Fisherman Style

by: The Congos & Friends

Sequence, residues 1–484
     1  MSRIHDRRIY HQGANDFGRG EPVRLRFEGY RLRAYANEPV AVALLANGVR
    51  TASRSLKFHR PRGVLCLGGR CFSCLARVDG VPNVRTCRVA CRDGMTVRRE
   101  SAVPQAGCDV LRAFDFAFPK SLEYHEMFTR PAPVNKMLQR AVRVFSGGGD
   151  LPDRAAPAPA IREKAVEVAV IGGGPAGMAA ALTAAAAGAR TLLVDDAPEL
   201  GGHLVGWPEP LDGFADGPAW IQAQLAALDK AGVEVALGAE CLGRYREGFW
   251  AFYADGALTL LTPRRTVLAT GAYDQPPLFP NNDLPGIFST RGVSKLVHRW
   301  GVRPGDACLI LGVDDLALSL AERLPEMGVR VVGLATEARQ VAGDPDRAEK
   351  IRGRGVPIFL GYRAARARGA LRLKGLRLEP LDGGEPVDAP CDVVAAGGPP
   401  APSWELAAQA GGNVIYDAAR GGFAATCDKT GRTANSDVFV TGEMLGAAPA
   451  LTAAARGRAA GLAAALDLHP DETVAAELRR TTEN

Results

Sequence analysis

One-rhythm collections, where several artists voice fresh raps or melodies over a classic instrumental reggae track, have been popular in Jamaica and reggae circles for some time now, but this one, which features new overdubs over Lee "Scratch" Perry's classic "Fisherman" pattern from 1977's Heart of the Congos album by the Congos, is a little bit different in that the new versions were actually commissioned for the project. Only the Congos' original take of "Fisherman" and Perry's Upsetters dub "Bring the Mackaback" (the former opens this two-disc set from Blood and Fire while the latter closes it) were recorded in the '70s, while everything else here was recorded at various sessions held in 2005. Heart of the Congos is regarded by many as Perry's crowning achievement at his famed Black Ark studio, and "Fisherman," that album's lead track, is one of the most striking cuts on an album that is filled to the brim with impressive productions. Good as it is, though, the "Bring the Mackaback" dub is even better, since it retains much of the vocal feel of the original, but also adds in Watty Burnett's crucial bass vocal, which was curiously dropped from the main cut. Needless to say, the two 1977 versions of the "Fisherman" rhythm template are far and away the best ones on this collection, but several of the new versions are interesting in their own right, including Max Romeo's "Give Praises," Dean Fraser's instrumental saxophone version, "Fisherman's Anthem," Gregory Isaacs' "Spot and Beat the Bank," which brings in a whole dice game metaphor, and Sugar Minott's "Captain of the Ship," which adds taxi drivers to the metaphoric mix. The original "Fisherman" by the Congos worked on a couple of levels, both as a portrait of actual Jamaican fishermen, and on a spiritual level as metaphor on the personal and collective search for redemption with one's soul as the figurative fish. The new versions collected here are mostly split between the two approaches, with tracks like Horace Andy's "Love Love Love" calling for compassion and spiritual unity, while versions like Early One's "Jig Jig Jig" are more literal descriptions of the Jamaican fisherman's way of life -- it is worth noting here that Early One, whose real name is Alan Titt, is actually a self-employed fisherman out of Kingston. In the end, a couple of dozen hearings of the exact same rhythm can get a little maddening, no matter how imaginative and striking that rhythm may be, and none but the most serious devotees of classic reggae roots rhythms should enter here, and certainly not without first spending some time with Heart of the Congos, the amazing album that spawned all this. Blood and Fire's two-disc reissue of Heart of the Congos is a must-have, and if you have it, you'll find "Bring the Mackaback" on disc two of that set, which means you will already have the best version of this rhythm. ~ Steve Leggett

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